Figure 5

Figure 6


Since fungal structures are not visible on most diseased specimens, confirmation of Verticillium wilt requires the use of simple laboratory techniques. Small, thin pieces of infected vascular tissue can be placed onto a culture medium such as streptomycin water agar or Sorensen's NP-10 medium and incubated for 4 days. When the fungus grows out of the vascular tissue it can be examined microscopically (Figure 7). This technique is commonly used in plant disease clinics.

Figure 7


Small, black, thick walled resting structures, called microsclerotia, are formed in the dying tissue (Figure 8) or live tissue (Figure 9) and are frequently visible with a hand lens. Even though microsclerotia form on senescent tissues in most hosts, they are readily apparent in some hosts on live tissue as well.

Figure 8

Figure 9

Pathogen Biology

Pathogen morphology

Verticillium belongs to the fungal class Deuteromycetes (Fungi Imperfecti), a group of fungi which do not have a known sexual stage. The vegetative mycelium is hyaline, septate, and multinucleate. The nuclei are haploid. Conidia are ovoid or ellipsoid and usually single-celled. They are borne on phialides, which are specialized hyphae produced in a whorl around each conidiophore. Each phialide carries a mass of conidia (Figure 10 ). Verticillium is named for this "verticillate" (=whorled) arrangement of the phialides on the conidiophore.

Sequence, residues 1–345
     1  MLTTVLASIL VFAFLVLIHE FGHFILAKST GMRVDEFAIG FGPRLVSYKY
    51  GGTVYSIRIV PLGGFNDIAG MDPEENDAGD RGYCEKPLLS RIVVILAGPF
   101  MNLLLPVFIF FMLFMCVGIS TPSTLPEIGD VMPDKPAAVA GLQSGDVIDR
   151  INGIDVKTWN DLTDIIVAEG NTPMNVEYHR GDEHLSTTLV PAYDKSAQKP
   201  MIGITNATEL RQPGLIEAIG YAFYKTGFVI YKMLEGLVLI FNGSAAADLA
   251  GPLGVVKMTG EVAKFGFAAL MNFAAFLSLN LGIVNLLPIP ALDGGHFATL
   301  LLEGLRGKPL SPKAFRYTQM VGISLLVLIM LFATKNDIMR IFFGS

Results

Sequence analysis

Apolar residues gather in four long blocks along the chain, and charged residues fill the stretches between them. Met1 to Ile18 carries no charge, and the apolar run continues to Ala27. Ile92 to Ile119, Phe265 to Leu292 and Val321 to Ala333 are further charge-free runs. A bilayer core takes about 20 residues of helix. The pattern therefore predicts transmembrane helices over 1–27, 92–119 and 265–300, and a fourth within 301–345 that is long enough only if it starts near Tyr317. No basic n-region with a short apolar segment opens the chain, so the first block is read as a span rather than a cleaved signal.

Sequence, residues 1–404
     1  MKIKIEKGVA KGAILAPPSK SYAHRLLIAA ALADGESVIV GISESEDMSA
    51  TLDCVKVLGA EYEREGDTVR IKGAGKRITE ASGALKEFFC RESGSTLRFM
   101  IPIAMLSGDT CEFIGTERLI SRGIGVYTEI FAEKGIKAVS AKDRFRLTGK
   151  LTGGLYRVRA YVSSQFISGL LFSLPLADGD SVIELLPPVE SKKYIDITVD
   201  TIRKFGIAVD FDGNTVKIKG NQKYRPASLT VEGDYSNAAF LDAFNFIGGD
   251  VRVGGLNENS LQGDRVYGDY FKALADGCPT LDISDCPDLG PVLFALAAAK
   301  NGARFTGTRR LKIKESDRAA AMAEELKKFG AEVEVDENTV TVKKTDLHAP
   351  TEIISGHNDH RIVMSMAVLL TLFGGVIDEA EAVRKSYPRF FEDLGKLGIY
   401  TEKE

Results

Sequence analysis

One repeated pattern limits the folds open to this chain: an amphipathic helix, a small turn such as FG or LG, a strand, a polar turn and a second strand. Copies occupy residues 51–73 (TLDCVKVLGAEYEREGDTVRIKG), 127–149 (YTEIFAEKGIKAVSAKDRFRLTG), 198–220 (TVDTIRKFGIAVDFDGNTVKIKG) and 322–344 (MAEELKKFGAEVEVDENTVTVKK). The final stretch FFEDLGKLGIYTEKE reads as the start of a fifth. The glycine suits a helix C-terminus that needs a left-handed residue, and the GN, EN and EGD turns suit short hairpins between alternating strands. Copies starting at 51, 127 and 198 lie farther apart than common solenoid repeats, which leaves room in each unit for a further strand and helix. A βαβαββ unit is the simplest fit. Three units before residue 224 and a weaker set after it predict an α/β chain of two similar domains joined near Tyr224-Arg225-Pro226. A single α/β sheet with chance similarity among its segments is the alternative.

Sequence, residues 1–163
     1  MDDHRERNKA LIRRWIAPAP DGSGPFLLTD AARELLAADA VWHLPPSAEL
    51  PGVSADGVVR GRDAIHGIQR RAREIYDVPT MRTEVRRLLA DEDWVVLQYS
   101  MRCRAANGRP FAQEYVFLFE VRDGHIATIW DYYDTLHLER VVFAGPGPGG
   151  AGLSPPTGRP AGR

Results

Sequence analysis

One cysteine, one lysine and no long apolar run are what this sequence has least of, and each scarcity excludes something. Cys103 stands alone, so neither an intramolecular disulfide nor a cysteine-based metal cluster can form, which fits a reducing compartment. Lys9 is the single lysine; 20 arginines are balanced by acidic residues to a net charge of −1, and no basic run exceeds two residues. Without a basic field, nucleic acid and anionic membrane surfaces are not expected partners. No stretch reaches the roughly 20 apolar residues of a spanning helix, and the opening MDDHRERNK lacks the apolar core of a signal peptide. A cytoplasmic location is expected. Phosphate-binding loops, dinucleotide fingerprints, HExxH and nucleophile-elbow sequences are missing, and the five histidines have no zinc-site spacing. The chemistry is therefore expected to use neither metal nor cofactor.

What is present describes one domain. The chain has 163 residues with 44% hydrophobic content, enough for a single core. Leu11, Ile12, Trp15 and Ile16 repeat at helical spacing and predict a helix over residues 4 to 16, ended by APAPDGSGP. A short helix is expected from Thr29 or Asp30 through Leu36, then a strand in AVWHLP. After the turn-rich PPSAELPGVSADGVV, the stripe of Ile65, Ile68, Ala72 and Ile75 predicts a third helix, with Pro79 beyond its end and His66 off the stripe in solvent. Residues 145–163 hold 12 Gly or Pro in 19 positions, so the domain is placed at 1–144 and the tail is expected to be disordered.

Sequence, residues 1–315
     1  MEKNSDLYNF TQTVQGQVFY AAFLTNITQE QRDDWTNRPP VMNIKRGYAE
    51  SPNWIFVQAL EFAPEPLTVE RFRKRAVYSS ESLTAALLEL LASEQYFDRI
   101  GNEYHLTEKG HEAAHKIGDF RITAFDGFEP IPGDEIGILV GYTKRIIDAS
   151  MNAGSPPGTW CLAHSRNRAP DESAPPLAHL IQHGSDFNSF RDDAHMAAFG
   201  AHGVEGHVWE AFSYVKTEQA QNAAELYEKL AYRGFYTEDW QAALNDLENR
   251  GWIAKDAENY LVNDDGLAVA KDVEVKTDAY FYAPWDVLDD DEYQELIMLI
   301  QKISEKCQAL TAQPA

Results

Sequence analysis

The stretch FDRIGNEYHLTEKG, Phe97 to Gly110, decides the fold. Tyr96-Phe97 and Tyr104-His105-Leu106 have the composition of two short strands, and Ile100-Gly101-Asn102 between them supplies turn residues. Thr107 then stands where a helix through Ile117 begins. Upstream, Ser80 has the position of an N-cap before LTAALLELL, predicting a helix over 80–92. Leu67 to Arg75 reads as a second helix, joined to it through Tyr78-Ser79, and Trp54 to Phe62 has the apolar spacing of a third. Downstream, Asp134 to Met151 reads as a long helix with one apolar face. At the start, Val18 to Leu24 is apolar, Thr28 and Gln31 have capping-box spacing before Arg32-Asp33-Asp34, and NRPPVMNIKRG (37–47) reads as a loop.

Figure 10

As the diseased plant senesces, the fungus becomes saprophytic and colonizes the dying tissues. During colonization, the fungus forms microsclerotia, which are masses of melanized hyphae.

Host specificity

Within the species Verticillium dahliae strains with varying morphology and pathogenicity have been identified. Strains have been classified into several vegetative compatibility groups (VCG). Each VCG includes those isolates which can anastamose (Figure 11) and form stable heterokaryons Anastomosis is the fusion of two adjacent fungal hyphae, resulting in the exchange of cellular contents. Heterokaryons, products of anastomosis, are mycelia containing the nuclei from each of two genetically different parent mycelia. Since Verticillium does not exchange genetic information through sexual reproduction, anastomosis is the only means by which genetic diversity increases within the species.

Figure 11

Each VCG is somewhat specific to a host plant or related group of hosts and may or may not be as virulent on other hosts (Table 1). For example, VCG 2 is very virulent on peppermint and less virulent on watermelon. VCG 4 is virulent on potato and related Solanaceous species, but less virulent on maple and peppermint.

Table 1. Vegetative compatibility groups of Verticillium dahliae associated with maple, peppermint, and potato

Plant host








Disease Cycle and Epidemiology


Disease process